Payment processor Visa Inc. said late Saturday that it plans to start separately categorizing sales at gun shops.
It’s a major win for gun control advocates who say it will help better track suspicious surges of gun sales that could be a prelude to a mass shooting. But gun rights advocates have argued that step would unfairly segregate legal gun sales when most sales do not lead to mass shootings.
Visa said it would adopt the International Organization for Standardization’s new merchant code for gun sales, which was announced on Friday. Until Friday, gun store sales were considered “general merchandise.”
“Following ISO’s decision to establish a new merchant category code, Visa will proceed with next steps, while ensuring we protect all legal commerce on the Visa network in accordance with our long-standing rules,” the payment processor said in a statement.
Visa’s adoption is significant as the largest payment network and will likely add pressure for Mastercard and American Express to adopt the code as well.
Gun control advocates made significant wins on this front in recent weeks. New York City officials and pension funds had pressured the ISO and banks to adopt this code.
Two of the country’s largest public pension funds, in California and New York, are pressing the country’s largest credit card firms to establish sales codes specifically for firearm-related sales that could flag suspicious purchases or more easily trace how guns and ammo are sold.
Merchant Category Codes now exist for almost every kind of purchase, including those made at supermarkets, clothing stores, coffee shops and many other retailers.
“When you buy an airline ticket or pay for your groceries, your credit card company has a special code for those retailers. It’s just common sense that we have the same policies in place for gun and ammunition stores,” said New York City Mayor Eric Adams, a former police captain who blames the proliferation of guns for his city’s deadly violence.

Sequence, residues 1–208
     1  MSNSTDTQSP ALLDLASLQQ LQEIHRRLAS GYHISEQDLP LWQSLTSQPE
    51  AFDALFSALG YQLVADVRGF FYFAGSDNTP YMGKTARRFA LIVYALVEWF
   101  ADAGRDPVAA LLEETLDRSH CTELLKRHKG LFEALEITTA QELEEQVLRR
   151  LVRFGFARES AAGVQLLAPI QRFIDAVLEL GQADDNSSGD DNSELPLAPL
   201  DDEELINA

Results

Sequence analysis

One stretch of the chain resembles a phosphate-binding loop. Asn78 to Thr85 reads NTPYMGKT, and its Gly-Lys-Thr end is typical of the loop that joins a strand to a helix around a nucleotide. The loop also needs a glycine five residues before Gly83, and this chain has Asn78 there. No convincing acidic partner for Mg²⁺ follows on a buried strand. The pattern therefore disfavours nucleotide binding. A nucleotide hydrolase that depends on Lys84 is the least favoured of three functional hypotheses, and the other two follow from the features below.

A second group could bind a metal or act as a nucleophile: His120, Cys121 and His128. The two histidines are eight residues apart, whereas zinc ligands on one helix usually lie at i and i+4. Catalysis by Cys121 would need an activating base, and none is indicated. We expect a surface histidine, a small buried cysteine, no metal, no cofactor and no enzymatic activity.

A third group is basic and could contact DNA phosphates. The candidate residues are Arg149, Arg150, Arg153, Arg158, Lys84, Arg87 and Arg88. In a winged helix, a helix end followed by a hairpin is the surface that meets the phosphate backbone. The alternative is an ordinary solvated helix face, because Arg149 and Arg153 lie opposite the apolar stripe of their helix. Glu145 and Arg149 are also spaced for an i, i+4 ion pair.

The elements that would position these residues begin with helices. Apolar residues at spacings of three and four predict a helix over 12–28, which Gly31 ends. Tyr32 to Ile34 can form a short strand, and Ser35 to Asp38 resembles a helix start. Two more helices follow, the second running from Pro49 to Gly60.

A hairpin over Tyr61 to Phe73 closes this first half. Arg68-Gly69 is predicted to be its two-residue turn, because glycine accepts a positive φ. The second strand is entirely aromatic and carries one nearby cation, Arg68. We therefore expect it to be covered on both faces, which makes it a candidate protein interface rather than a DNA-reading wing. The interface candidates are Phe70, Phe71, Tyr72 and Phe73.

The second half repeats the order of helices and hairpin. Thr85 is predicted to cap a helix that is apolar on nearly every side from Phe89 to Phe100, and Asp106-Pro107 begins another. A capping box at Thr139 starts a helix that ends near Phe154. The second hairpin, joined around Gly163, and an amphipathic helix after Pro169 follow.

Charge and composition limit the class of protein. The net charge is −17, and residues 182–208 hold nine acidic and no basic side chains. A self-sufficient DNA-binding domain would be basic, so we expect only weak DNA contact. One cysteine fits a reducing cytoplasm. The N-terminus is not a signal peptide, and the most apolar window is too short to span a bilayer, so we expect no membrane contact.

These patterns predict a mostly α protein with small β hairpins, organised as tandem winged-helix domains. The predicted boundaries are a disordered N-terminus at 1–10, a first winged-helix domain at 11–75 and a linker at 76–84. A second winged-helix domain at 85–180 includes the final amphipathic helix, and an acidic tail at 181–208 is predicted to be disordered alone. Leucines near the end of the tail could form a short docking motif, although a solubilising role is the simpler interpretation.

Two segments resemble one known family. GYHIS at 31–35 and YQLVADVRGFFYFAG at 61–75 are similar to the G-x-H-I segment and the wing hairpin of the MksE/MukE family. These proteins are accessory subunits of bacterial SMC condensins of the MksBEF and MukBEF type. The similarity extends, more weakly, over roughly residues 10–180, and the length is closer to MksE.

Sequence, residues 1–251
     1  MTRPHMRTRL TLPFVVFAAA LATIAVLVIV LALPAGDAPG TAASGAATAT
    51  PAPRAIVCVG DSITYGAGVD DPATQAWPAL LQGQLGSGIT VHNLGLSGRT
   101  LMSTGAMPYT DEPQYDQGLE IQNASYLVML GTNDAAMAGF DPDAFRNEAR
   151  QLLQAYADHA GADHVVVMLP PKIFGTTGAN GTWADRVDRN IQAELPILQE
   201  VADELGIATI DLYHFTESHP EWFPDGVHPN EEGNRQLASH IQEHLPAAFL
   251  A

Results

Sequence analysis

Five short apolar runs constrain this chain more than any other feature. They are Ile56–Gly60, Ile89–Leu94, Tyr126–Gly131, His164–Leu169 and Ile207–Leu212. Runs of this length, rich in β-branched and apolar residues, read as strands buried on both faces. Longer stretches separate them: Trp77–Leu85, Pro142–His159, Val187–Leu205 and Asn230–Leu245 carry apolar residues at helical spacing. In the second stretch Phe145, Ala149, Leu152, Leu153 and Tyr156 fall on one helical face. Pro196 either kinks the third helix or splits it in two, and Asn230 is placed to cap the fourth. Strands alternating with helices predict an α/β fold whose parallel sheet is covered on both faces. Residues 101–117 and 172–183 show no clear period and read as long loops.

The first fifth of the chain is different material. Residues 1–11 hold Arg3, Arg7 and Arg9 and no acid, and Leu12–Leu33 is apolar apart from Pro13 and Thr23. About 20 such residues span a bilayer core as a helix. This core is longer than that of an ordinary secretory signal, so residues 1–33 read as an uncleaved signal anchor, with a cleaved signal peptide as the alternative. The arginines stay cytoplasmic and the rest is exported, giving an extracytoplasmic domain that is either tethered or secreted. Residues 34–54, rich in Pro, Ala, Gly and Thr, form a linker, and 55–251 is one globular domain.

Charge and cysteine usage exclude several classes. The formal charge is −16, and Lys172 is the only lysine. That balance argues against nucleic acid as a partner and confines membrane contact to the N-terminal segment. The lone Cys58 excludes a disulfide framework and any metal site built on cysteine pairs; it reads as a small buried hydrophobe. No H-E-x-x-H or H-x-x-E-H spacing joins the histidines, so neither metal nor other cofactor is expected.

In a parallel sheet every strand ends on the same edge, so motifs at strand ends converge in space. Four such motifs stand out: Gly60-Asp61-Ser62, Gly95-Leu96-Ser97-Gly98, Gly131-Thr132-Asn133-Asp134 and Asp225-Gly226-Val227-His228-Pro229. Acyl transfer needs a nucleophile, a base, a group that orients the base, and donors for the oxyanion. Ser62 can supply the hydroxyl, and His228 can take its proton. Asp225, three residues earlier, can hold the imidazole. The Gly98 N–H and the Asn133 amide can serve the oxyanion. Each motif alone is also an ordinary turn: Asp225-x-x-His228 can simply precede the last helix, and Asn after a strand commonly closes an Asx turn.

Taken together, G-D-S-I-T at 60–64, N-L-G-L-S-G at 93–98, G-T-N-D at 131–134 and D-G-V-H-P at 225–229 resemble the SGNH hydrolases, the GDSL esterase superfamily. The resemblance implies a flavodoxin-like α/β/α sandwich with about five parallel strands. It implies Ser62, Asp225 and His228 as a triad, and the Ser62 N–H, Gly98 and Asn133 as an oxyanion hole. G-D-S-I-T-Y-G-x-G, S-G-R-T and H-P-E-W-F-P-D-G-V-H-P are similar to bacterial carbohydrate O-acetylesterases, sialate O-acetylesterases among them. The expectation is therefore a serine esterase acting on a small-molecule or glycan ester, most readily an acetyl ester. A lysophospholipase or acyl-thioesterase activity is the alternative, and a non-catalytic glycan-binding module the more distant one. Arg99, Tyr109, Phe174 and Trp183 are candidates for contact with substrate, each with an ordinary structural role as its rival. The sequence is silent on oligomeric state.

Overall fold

The city’s comptroller, Brad Lander, said it made moral and financial sense as a tool to push back against gun violence.
“Unfortunately, the credit card companies have failed to support this simple, practical, potentially lifesaving tool. The time has come for them to do so,” Lander said recently, before Visa’s announcement.
Landers is a trustee of the New York City Employees’ Retirement System, Teachers’ Retirement System and Board of Education Retirement System, which together own 667,200 shares in American Express valued around $92.49 million; 1.1 million shares in MasterCard valued around $347.59 million; and 1.85 million shares in Visa valued around $363.86 million.
In letters to the companies, the New York pensions funds, joined by the California State Teachers’ Retirement System, sought support for such a move, saying the companies have a responsibility to prohibit the use of their networks for what public officials deemed illegal activity.
“Failing to do so can result in regulatory, reputational, and litigation risks that may harm long-term shareholder value,” the letters asserted.
Over the years, public pension funds have used their extensive investment portfolios to influence public policy and the marketplace.
The California teacher’s fund, the second largest pension fund in the country, has long taken aim on the gun industry. It has divested its holdings from gun manufacturers and has sought to persuade some retailers not to sell guns.
The pension funds argue that creating a merchant category code for standalone firearm and ammunition stores could aid in the battle against gun violence.
In letters to the credit card companies, a pattern of purchases could flag suspicious activity.
Officials said that a week before the mass shooting at the Pulse Nightclub in Orlando, Florida, where 49 people died after a shooter opened fire in 2016, the assailant used credit cards to purchase more than $26,000 worth of guns and ammunition, including purchases at a stand-alone gun retailer.